GOVERNMENT is in the process of reviewing the 15% Value Added Tax (VAT) it levied on the tourism sector late last year, amid indications more foreign visitors are cancelling international bookings to Zimbabwe.
By Kudzai Chimhangwa
The levy has led to an outcry by tourism sector players who argue that the 15% VAT on foreign tourist arrivals has made the country an uncompetitive and expensive destination for tourists.
Finance minister Patrick Chinamasa made the proposal in the 2014 national budget presentation last year in December.
Tourism and Hospitality Industry minister Walter Mzembi said he met with his Finance counterpart Chinamasa last week to discuss the reviewing of the measure.
“He [Chinamasa] asked us to do more work on the 15% VAT on foreign arrivals. A committee has been set up by the finance ministry to do a thorough review of the move and a cost-benefit analysis,” he said.
Mzembi said the ministry’s argument was about the timing of the move and its impact on the tourism sector which was still in its growth stages.
“Such moves should be gradual and futuristic looking as failure to do so will result in booking cancellations,” he said.
Government, which is facing serious challenges in revenue collection from a rapidly shrinking economic base, introduced the measure late last year in a bid to tap into the fortunes of the tourism sector.
Tourism’s contribution to the economy is expected to grow to 15% by 2015.
Analysts posit that the 15% VAT charge will dampen average hotel room and bed occupancy levels expected to improve this year to 61% and 42% respectively.
The increased taxation has led to an increase in prices for tourists’ accommodation and related tourism services.
Players in the sector argue that besides rendering Zimbabwe an expensive destination as compared to other countries in the region, the sudden change in rates to international buyers who had already booked before the levy did not augur well for the sector.
“We met them [finance ministry] last week. I facilitated the meeting which had two major items on the agenda. This was at a time when the issue of special economic zones was being concluded. Major aspects [of the discussion] were statutory instrument 172 and 173 with regard to the importation of capital goods,” said Mzembi.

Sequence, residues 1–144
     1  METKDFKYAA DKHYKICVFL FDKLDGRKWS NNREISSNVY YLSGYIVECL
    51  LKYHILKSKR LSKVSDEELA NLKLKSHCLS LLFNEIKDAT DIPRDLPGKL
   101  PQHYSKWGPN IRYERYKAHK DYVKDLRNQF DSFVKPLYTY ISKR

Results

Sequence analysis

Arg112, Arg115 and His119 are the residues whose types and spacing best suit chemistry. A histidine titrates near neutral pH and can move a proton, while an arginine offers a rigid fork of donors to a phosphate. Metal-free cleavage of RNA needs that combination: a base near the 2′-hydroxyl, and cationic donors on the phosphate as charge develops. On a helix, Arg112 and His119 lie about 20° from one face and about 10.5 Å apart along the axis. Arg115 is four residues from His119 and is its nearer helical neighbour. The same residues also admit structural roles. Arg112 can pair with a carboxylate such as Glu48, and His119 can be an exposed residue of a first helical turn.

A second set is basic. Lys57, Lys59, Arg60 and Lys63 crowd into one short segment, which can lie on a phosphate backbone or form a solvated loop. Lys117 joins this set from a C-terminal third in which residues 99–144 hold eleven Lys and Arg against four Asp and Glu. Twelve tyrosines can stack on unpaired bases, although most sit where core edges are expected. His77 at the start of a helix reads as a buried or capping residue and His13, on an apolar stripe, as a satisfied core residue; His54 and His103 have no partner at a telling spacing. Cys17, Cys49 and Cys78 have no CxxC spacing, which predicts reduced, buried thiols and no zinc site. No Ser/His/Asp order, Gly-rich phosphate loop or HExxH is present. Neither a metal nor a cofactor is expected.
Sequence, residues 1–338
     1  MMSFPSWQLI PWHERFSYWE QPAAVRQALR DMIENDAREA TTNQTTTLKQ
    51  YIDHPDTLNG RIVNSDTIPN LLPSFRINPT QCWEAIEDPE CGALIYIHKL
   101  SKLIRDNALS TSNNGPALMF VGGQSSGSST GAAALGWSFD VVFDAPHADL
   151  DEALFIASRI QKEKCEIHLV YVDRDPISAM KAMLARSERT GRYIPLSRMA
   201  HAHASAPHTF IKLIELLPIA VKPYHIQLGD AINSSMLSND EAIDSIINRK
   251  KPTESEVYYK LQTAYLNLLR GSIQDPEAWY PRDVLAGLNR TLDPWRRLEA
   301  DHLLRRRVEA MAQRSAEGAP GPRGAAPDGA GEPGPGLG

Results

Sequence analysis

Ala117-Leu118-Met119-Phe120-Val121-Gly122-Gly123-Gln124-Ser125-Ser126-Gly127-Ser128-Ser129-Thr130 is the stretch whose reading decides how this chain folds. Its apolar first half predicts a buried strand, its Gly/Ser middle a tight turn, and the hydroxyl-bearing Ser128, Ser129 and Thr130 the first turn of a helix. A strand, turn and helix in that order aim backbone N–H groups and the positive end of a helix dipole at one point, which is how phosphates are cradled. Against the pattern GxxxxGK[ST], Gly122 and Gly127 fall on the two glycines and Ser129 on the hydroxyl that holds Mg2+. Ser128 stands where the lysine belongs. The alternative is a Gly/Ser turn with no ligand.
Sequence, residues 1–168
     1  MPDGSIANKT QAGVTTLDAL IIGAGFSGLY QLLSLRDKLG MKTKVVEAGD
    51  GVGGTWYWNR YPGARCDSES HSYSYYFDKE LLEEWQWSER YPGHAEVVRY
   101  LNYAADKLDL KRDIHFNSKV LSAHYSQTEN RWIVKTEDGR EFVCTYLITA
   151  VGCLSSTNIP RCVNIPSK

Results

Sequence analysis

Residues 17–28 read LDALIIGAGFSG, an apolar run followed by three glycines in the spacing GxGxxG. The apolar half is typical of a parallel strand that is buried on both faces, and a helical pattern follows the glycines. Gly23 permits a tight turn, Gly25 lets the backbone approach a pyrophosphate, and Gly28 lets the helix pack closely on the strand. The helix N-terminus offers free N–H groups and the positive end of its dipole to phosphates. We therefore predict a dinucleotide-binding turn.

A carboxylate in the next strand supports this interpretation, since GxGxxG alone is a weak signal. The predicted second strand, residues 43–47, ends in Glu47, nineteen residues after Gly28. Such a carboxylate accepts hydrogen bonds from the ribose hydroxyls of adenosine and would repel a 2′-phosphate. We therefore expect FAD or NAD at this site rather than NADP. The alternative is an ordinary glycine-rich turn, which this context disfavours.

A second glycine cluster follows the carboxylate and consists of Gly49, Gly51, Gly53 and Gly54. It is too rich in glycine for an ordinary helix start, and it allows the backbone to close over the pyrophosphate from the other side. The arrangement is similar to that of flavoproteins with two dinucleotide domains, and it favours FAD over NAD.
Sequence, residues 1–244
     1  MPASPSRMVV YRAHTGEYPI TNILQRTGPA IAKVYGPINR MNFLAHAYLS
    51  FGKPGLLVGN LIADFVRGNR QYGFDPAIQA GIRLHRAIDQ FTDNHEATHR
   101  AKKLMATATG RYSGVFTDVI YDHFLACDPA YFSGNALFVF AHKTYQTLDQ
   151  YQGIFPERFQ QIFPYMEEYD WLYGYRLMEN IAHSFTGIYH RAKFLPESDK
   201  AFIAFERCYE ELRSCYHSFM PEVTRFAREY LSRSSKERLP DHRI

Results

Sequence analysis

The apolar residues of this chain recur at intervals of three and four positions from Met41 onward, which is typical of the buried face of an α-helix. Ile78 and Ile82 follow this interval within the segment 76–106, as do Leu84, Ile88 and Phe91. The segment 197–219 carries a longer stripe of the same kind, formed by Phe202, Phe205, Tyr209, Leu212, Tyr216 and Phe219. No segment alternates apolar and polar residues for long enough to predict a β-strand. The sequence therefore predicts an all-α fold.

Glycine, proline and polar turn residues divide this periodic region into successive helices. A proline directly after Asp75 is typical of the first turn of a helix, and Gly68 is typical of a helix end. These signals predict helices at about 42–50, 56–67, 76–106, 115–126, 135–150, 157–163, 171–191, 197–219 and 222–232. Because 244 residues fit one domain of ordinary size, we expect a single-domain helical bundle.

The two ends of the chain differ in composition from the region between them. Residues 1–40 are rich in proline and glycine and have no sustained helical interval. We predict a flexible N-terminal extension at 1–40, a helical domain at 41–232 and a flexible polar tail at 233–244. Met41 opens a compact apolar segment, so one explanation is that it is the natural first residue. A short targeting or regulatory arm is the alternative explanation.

He said the tourism sector’s submissions were made in order to review what should qualify as capital goods.
“In that regard, we were successful and we are making positive headway,” he said.
The rebate of duty on capital goods was re-introduced at the beginning of this year subject to review after a period of 12 months.
The tourism sector began to pick up during the era of the inclusive government in 2009 after a decade-long economic meltdown.
Customs duty on motor vehicles imported by safari operators was also suspended, a move tourism players said was a positive development for the tourism sector as it enabled the sector to recapitalise and retool, thus setting a firm base for growth.
The international travel bans and warnings previously issued were scrapped following the modicum of economic stability brought about by the government of national unity.
Government introduced VAT in 2003 but the tourism sector was exempted from tax payments as it was duly recognised as an exporter.
The reduction in tourist arrivals as a result of the increase in prices will subsequently lead to reduced growth for the travel and tourism sector.
This development, experts argue, will contribute to increased unemployment levels which are estimated to be well above 80%.